You know what they say: Behind every Mad Man is an angry woman who probably also just got sexually harassed.
The Sterling Cooper crew is just hanging around a smoky room, watching some musicals, when Peggy is plunged into some kind of Ann Margaret-induced existential meltdown about not being a pretty girl in a man’s world or something like that (recapping subtle multi-layered character nuances is HARD, y’all!) because their client, Patio cola, would like their new ad spot to mimic the chesty, off-key fun found in a few bars from the opening “Bye Bye Birdie” as opposed to something that respects women’s intelligence (like sipping organic kambucha tea while reading “The Feminine Mystique”). The men all sexually harass her about this.
Patio is apparently some kind of terribly-named precursor to Diet Pepsi, which – with the exception of the inspired “Crystal Pepsi” experiment – has pretty much always had boring and terrible advertising, so I don’t know why everyone couldn’t be like “Let’s have Don explain to them why ‘Enjoy a cold Patio on the patio’ is fraught with genius meaning and just call it a day.” The client is probably happy, Peggy doesn’t have to worry about whether she’s pretty, and we can all get back to Don Draper choking women while he has sex with them in the back of large automobiles without all the unpleasant lessons in 1960’s gender politics.
Speaking of which, did you guys catch the line when The Rodge looked at a preggers Betty Draper then asks if Princess Grace swallowed a basketball? Man, The Rodge sure puts the “ha” in “sexual harassment”! I just don’t know why the editors chose to cut the shot right after this comment when he double-high-fives Draper then swings his arms down for two hands full of secretary bottom while going “wakka wakka wakka!” Timing, I guess.
Meanwhile, Pete nearly loses a new client who wants to demolish the old Penn Station and replace it with Madison Square Garden because Kinsey can’t stop yammering on about architecture and raping 34th street long enough to envision the futuristic potential of a giant shopping mall where Three Doors Down could play alongside Patrick Ewing. Luckily, Don Draper and The Rodge are able to swoop in and save the day by taking the client out to dinner and getting him to change his mind by sexually harassing him with martinis and iceberg wedge salads with blue cheese and bacon. Ultimately it doesn’t matter because the Brits who now own Sterling Cooper don’t want the new business after all, but still, those were probably delicious iceberg wedge salads.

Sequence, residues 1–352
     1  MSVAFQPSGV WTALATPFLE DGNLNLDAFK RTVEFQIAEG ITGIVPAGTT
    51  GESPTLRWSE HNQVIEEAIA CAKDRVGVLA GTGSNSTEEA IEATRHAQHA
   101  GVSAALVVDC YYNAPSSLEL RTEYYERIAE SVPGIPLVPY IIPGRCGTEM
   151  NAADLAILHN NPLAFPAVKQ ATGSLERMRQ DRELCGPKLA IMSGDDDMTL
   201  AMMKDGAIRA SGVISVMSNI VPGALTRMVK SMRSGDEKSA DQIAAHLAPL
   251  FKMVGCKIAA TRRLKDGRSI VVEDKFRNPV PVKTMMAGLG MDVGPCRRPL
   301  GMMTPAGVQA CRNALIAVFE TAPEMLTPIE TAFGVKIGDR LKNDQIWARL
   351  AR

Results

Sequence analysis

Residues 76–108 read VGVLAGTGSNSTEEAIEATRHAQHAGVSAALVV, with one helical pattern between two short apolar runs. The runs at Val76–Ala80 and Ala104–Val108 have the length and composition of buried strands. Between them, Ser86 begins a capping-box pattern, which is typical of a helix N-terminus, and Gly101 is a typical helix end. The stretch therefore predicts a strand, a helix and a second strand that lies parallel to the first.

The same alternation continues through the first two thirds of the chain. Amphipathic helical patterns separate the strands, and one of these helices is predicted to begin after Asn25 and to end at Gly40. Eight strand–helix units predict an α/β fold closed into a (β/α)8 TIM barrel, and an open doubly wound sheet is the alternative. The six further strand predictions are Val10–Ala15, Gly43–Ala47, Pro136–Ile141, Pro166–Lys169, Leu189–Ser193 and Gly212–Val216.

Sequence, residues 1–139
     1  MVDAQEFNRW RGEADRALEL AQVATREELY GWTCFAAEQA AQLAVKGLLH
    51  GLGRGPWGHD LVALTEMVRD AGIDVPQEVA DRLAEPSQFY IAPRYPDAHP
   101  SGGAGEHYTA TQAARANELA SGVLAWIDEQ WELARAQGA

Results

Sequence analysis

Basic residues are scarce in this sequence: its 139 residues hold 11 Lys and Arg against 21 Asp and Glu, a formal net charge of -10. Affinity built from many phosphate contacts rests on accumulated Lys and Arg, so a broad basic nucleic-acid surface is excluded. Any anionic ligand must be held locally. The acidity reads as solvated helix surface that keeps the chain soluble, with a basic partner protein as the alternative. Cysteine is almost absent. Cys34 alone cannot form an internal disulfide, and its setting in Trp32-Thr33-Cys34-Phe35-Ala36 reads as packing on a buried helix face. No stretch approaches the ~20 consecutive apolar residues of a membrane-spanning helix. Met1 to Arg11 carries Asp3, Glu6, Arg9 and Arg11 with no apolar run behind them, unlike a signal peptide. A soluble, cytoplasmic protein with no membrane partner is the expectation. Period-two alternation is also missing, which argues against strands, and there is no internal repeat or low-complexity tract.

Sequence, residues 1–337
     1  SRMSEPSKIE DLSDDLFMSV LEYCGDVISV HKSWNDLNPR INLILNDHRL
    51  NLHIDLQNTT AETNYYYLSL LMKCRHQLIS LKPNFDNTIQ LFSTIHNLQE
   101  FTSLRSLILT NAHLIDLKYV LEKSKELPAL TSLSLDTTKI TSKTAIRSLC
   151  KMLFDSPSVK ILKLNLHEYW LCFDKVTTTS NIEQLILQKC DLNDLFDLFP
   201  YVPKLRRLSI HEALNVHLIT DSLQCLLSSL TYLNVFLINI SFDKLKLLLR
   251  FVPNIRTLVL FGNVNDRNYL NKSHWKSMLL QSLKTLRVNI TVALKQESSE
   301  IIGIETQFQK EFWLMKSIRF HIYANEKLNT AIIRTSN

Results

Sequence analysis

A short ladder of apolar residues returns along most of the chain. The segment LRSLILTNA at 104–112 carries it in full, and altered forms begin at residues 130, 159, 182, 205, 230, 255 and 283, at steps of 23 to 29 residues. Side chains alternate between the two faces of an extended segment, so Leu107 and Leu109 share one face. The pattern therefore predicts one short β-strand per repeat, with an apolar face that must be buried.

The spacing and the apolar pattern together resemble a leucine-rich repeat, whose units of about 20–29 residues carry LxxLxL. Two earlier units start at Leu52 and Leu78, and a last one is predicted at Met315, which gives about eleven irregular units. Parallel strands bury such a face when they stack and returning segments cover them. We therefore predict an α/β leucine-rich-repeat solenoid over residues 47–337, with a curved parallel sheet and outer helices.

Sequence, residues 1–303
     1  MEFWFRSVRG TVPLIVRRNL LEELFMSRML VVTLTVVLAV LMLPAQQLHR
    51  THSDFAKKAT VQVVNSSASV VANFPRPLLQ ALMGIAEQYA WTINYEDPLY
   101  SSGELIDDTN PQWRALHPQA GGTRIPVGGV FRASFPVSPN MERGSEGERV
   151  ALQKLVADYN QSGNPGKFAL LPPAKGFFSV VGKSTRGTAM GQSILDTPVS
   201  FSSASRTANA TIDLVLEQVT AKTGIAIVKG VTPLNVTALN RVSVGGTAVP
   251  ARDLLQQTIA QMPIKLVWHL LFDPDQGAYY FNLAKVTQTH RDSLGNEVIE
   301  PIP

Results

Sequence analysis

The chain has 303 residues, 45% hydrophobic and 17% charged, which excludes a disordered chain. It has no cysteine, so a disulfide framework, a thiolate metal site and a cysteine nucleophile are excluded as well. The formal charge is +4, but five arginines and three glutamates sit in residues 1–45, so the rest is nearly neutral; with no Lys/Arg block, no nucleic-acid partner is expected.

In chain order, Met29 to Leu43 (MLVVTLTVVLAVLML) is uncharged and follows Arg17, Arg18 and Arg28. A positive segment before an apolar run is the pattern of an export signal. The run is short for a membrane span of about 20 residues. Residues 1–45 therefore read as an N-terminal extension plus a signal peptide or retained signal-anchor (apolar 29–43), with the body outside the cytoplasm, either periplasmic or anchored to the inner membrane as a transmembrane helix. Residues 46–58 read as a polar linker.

Later, Don sexually harasses Betty’s brother into letting their sick father live with the Drapers from now on. Don soon realizes what a terrible idea this was when he discovers the old man pouring out all of his booze while having some kind of paranoid hallucination about bootlegging. Also, Don doesn’t care about the antique globe in his office.
Peggy’s crisis seems to be getting worse as we see her pause from brushing her hair before bed to do an impromptu impression of Buffalo Bill’s penis-tuck tango almost 30 years before “Silence of the Lambs” was even filmed. “Creepy dances performed alone” seems to be an important recurring theme this season. Symbolism is important.
Don finally tells Peggy to man up about the Patio cola ad and stop acting like a whiny artist girl with a scraped elbow who is having her period. She seems to know him well enough to understand that failing to do so will likely lead to some deeply uncomfortable sexual harassment. She deals with the sting of this realization by going to a nearby Brooklyn bar and having some Stingers with a college guy she will later let have anal sex with her on his futon (right now there are untold numbers of modern day ad dudes trying to order Stingers in downtown Manhattan bars).
Finally Don watches his kids dance around a Maypole while ogling their teacher and sexually harassing the grass with his fingers.
Back at work, Peggy wants to talk about Pampers.